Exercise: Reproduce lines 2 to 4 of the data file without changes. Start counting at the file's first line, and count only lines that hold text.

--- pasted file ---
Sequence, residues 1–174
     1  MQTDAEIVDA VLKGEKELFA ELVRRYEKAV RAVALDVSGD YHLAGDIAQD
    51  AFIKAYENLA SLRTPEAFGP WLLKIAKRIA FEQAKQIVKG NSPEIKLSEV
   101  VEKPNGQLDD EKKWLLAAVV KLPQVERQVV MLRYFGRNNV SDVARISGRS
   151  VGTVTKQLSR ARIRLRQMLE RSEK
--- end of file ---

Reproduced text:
     1  MQTDAEIVDA VLKGEKELFA ELVRRYEKAV RAVALDVSGD YHLAGDIAQD
    51  AFIKAYENLA SLRTPEAFGP WLLKIAKRIA FEQAKQIVKG NSPEIKLSEV
   101  VEKPNGQLDD EKKWLLAAVV KLPQVERQVV MLRYFGRNNV SDVARISGRS